top of page

Free for what?

"... but the Son of Man has no place to lay his head." Luke 9. 58

I have just caught up with the video recording of the Sleat Church's Act of Remembrance, so poignantly led by Niall MacKinnon. One thing in his closing prayer gripped me and that is when he mentioned the hundreds, if not thousands, of refugees in our world today who are fleeing from war and looking either for a safe place to call home or for the opportunity to return to their original homes when the fighting stops. Why can't we offer them a safe haven - for as long as they need it, perhaps permanently?

The reason we cannot is that our government does not allow it. Now, there are strong arguments for border controls: over-crowding, protecting jobs, excluding terrorists. All of these deserve taking into account. But what about the humanitarian argument for compassion, for helping those in need, in their moment of need? Herding desperate people into refugee camps can never be more than a temporary solution. But it has become a seemingly permanent solution in far too many instances. Imagine you were caught in one. Would you not be desperate for someone to come and offer you a better alternative?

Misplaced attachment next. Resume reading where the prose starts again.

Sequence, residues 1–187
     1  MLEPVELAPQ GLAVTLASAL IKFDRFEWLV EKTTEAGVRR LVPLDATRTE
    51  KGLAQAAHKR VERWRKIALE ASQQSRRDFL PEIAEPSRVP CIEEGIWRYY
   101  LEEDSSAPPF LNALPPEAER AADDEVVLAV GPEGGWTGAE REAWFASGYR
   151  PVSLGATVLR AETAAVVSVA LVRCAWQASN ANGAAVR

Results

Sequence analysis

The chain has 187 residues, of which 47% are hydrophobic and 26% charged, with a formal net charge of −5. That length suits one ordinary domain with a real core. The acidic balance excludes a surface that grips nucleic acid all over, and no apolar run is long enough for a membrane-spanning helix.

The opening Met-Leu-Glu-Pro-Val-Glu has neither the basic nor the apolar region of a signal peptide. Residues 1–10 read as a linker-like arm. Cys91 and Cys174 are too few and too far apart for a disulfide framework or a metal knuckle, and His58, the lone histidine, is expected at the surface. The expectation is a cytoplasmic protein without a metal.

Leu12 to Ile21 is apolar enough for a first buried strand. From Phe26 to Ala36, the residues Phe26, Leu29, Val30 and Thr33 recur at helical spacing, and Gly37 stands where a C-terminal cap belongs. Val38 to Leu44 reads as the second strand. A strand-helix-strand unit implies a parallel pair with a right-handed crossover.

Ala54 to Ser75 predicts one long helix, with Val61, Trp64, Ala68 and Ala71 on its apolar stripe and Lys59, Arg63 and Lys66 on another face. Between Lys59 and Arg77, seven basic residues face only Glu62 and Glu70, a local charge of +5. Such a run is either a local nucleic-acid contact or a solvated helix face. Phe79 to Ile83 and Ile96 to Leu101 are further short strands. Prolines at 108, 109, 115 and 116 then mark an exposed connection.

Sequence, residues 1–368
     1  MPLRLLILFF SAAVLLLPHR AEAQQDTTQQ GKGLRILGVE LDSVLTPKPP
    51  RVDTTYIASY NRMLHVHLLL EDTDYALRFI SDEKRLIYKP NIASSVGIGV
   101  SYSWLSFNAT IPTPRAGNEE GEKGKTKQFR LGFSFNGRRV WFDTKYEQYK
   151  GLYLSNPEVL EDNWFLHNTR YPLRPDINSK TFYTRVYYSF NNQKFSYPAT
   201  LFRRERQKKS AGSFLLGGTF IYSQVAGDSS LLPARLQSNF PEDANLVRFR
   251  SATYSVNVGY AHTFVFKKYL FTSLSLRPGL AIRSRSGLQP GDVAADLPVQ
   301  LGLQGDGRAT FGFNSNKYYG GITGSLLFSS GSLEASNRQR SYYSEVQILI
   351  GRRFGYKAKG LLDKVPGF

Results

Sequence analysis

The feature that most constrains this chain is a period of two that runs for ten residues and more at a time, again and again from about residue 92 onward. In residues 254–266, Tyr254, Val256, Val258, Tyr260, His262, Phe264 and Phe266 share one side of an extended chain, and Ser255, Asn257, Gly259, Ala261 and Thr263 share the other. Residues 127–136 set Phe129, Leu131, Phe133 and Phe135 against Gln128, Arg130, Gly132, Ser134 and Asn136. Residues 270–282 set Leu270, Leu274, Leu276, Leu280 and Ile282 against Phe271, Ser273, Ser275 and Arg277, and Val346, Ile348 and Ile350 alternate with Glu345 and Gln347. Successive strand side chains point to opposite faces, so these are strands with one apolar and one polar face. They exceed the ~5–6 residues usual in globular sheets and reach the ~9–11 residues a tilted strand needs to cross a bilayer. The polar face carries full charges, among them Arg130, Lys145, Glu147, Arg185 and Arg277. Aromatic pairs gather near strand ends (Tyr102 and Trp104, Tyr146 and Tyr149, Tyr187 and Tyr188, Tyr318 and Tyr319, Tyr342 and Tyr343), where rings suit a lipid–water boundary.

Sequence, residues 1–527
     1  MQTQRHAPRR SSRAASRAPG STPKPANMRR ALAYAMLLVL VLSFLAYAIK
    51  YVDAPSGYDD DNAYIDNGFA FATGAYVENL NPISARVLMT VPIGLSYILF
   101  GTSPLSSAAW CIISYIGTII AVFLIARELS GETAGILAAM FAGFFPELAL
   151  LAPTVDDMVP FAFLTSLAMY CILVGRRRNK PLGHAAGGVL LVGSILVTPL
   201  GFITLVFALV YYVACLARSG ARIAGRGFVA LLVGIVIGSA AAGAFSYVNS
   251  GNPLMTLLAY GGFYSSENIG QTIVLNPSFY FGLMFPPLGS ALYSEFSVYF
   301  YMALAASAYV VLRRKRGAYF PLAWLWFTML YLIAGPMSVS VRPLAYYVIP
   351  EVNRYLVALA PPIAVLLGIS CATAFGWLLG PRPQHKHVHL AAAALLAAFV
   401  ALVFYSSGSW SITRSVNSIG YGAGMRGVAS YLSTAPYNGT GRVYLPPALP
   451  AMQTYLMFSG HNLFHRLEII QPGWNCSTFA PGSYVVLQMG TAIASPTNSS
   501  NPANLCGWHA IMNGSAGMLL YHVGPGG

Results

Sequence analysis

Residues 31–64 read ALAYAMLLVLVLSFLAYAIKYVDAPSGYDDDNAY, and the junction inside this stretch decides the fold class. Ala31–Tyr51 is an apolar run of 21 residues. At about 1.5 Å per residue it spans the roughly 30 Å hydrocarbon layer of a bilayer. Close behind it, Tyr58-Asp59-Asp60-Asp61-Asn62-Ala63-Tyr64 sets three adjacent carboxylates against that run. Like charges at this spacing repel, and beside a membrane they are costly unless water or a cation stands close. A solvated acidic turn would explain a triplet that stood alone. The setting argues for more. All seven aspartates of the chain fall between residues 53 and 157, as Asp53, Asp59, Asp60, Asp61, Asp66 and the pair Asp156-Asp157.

There is surely something wrong with our so-called "global village", when so many are excluded from what the rest of us would consider the bare necessities: of sufficient food, a home to call our own, decent schools for our children, dignity for our senior citizens and hospitals when we need them. Jesus knows what that feels like, having been a refugee himself and having turned the key on his own home in later life in order to bring, and indeed be, good news for us all - even to death on a cross. The death and resurrection of Jesus offer us eternal hope. The sacrifice of those we remember particularly at this time of year have won the freedom to flourish now. One day we shall be called to account for how we used that freedom and the opportunities it brings. What shall we say?



bottom of page